South Sudan Rebels Release Detained Aid Workers
April 15th, 2018(Nyamilepedia) — Latest reports from South Sudan’s border town of Koboko confirms that at least seven Aids workers were released by the South Sudan’s main rebel movement, the SPLM/A in Opposition.
According to the deputy spokesman of the SPLA(IO), Col. Lam Paul Gabriel, the SPLA IO command of Division 2B and the administration of the Yei River State safely released seven Aids Workers and 3 vehicles this morning, April 15th, 2018.
“This morning the 15/04/2018 at about 11:30AM, the SPLA IO command of Div. 2B and the administration of Yei River State safely released seven (7) Aids workers with three vehicles to a delegation of the UNOCHA along the Uganda border in Koboko. The handover was witnessed by the Ugandan police service.” Col. Lam Paul Gabriel said.
Lam explains that the seven Aids workers were arrested on suspicion that some of their members were members of South Sudan security forces who came to spy on their operations in their controlled areas.
“The seven workers were detained due to security issues concerning two of their colleagues who were discovered to be security agents of the regime intentionally deployed to carry out hostile surveillance on our controlled areas.” Lam said.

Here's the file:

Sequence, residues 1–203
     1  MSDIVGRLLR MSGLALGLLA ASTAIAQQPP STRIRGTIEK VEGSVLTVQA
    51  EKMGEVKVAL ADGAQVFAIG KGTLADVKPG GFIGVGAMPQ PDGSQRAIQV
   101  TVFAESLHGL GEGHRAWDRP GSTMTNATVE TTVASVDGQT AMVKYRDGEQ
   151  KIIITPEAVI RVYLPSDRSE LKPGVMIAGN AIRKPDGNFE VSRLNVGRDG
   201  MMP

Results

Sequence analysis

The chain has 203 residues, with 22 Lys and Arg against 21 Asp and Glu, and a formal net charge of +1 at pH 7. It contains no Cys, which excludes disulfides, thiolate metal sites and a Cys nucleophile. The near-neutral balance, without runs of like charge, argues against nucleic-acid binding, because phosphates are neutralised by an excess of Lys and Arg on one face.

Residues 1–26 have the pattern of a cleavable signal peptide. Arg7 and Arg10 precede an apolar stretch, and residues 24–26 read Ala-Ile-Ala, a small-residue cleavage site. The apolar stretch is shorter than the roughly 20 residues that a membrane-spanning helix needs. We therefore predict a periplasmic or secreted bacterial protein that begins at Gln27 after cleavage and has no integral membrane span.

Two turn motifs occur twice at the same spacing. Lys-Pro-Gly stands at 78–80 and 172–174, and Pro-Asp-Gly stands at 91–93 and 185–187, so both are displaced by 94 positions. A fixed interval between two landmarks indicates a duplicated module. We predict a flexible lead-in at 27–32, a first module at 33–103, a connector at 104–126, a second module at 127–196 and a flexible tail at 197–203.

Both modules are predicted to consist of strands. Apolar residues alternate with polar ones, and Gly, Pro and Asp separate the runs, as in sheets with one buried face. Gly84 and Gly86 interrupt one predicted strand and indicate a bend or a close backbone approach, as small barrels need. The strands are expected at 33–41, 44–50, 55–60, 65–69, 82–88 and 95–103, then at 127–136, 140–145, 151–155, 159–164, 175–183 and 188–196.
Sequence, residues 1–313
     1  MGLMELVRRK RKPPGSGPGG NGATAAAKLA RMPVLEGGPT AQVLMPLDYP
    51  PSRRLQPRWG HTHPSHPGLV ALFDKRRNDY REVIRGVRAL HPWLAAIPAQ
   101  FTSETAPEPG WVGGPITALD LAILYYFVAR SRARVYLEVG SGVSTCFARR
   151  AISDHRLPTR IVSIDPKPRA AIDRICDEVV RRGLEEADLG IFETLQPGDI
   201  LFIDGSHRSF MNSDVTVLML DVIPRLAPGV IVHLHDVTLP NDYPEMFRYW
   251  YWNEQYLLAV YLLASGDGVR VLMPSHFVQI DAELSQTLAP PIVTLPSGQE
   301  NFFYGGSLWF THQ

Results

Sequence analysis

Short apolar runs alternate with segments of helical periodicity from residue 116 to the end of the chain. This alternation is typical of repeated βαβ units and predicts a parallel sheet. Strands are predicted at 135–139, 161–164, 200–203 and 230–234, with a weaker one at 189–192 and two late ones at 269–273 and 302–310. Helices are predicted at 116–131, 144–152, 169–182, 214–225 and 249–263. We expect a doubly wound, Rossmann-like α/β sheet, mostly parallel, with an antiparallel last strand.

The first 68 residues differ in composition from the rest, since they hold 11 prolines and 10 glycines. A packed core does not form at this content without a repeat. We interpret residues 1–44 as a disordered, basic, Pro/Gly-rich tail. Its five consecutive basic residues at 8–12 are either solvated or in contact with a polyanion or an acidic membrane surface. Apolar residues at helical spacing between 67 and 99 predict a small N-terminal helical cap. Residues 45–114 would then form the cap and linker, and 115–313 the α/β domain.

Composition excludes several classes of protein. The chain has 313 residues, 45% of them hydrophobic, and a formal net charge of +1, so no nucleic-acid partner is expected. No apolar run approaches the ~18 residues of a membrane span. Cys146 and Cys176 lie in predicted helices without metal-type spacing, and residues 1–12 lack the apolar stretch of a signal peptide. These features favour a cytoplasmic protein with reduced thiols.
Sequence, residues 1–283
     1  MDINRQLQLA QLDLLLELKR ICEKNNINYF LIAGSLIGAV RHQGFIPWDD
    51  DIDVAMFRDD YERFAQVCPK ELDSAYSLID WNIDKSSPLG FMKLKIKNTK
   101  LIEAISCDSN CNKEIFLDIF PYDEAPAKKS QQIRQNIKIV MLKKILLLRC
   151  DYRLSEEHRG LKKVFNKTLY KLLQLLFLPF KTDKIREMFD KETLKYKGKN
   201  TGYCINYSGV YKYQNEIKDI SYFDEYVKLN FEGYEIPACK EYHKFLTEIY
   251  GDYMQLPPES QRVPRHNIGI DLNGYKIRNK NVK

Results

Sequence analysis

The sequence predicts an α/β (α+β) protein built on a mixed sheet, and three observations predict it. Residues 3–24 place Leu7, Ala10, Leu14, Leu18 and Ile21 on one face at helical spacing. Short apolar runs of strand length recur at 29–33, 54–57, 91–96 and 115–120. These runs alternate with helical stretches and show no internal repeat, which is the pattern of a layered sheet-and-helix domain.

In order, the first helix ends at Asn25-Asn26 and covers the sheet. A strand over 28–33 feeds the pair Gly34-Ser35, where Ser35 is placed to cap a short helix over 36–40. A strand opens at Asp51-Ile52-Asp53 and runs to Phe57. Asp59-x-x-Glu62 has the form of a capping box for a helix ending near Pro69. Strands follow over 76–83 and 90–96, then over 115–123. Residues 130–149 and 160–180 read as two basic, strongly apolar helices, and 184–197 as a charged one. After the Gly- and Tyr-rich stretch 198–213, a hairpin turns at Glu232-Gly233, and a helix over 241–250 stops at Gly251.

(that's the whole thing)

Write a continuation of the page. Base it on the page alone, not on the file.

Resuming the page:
“However, the seven were all releases on directives from the leadership and Commander in Chief of the SPLM/A IO Dr. Riek Machar Teny-Dhurgon.” He continued.
The armed opposition calls on civil population and wider public to avoid being used by the SPLA-IG or any other rivaling party as assets of war.
“The SPLA IO therefore, calls up on all humanitarian agencies to avoid being infiltrated by the regime so that they (regime) gets easy access to SPLA IO controlled areas. The resistance continues.” Said the deputy spokesman, Col. Lam Paul Gabriel.
Within this year, the rebels have released Aids workers, Prisoners of War and detained Kenyan pilots who killed civilians and cattle when their aircraft crushed in Akobo.
The rebels call on Kiir’s regime to return the good gesture by releasing aids workers, prisoners of war and other accused persons in their custody.